Israel's Netanyahu scraps talks with German minister over rights groups
Israel's prime minister has cancelled talks with Germany's foreign minister after he refused to call off a meeting with Israeli human rights activists.
Sigmar Gabriel had been due to meet Benjamin Netanyahu in Jerusalem.
Mr Netanyahu had warned he would not see Mr Gabriel if he met the groups Breaking the Silence and B'Tselem.
Mr Netanyahu has accused the groups of trying to undermine the state, and the government has taken steps to try to stem their foreign sources of funding.
The incident threatens to stoke diplomatic tensions between Israel and Germany, which are strong allies.
Mr Gabriel had said it would be a "remarkable event, to put it mildly" if Mr Netanyahu went through with his threat.
"Imagine if the Israeli prime minister... came to Germany and wanted to meet people critical of the government and we said that is not possible... That would be unthinkable," he told Germany's ZDF television.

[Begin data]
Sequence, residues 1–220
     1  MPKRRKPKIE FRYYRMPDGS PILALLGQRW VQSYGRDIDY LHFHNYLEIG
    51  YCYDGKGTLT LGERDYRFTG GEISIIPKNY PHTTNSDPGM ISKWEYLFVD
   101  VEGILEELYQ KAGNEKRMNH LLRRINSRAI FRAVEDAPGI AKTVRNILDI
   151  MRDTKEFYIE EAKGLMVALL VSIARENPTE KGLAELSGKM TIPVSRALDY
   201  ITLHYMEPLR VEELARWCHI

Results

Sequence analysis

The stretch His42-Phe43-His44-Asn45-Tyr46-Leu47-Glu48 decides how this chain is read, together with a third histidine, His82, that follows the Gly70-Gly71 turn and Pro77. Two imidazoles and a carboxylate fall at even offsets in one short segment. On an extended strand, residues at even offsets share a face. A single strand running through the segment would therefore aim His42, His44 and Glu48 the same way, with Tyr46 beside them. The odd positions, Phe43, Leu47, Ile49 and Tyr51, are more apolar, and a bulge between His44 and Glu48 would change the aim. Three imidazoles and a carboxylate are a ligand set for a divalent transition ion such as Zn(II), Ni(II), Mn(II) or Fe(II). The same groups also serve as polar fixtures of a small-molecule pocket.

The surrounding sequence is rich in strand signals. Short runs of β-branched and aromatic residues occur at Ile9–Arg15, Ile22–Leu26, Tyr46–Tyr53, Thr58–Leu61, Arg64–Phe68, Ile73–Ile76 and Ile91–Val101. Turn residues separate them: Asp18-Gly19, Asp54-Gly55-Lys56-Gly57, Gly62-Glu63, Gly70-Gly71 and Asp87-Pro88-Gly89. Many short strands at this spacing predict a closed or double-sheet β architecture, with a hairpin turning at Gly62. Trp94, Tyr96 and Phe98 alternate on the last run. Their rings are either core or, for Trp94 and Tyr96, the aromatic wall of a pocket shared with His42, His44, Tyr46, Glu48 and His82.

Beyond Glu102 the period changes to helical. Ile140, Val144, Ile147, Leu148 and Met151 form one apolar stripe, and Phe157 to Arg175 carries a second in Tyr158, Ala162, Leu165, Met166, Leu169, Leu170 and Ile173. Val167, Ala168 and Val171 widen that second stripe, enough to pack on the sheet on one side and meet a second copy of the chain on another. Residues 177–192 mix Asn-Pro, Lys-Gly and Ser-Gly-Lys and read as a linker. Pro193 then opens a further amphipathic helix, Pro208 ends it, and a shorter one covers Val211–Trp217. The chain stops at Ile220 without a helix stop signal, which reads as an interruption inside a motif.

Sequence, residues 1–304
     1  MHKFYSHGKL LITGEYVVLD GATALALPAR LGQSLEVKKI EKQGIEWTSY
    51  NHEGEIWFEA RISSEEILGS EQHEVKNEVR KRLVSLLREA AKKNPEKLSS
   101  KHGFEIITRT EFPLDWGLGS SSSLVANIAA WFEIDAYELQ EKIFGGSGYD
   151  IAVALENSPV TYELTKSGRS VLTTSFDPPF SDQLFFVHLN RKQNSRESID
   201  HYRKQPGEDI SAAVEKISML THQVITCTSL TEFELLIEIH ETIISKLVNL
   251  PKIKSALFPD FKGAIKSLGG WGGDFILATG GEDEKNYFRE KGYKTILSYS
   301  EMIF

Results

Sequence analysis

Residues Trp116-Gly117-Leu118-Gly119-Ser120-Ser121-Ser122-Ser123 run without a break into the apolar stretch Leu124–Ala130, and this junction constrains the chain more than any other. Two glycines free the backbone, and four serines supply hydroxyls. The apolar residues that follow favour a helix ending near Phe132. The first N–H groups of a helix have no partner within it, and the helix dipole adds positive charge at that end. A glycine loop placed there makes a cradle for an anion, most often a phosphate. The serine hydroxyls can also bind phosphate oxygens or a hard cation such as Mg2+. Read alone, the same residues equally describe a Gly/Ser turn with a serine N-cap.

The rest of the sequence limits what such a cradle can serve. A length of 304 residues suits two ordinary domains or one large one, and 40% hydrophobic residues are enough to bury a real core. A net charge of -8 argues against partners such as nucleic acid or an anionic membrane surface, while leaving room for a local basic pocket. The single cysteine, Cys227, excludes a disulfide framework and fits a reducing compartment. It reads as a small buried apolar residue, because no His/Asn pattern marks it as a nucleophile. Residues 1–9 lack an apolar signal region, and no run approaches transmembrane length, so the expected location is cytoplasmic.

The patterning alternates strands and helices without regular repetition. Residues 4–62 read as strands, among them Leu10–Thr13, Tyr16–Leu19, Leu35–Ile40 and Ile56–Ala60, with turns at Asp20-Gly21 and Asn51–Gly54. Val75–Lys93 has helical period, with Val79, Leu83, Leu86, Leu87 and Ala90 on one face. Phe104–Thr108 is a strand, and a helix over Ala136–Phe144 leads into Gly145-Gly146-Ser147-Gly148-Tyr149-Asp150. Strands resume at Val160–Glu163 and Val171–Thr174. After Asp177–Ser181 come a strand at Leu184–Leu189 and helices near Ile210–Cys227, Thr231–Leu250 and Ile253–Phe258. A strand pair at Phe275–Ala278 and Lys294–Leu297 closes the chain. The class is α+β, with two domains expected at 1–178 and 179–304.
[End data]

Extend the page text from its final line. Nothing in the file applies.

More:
Mr Netanyahu's office said he refused to meet any diplomats who "lent legitimacy to organisations calling for the criminalisation of Israeli soldiers".
The statement said: "Imagine if foreign diplomats visiting the United States or Britain met with NGOs that call American or British soldiers war criminals. Leaders of those countries would surely not accept this."
However Mr Netanyahu said Israel's "very important" relations with Germany would not be affected by the incident.
The Israeli government has taken an increasingly robust stand against left-wing non-governmental organisations, which it sees as hostile to the state.
Breaking the Silence, a group of former soldiers, gathers anonymous testimony from within the military about alleged abuses of Palestinians by the army.
Israeli authorities have accused it of making unreliable accusations. Mr Netanyahu has called its activities "insufferable" and warned foreign officials against meeting members of the group.
B'Tselem is one of Israel's leading human rights groups and has come under similar criticism.
In an attempt to make such groups more transparent, Israel passed a law last year requiring them to declare if they receive more than 50% of their funding from foreign entities.
The move was criticised for unfairly targeting human rights groups, which would predominantly receive donations from foreign states.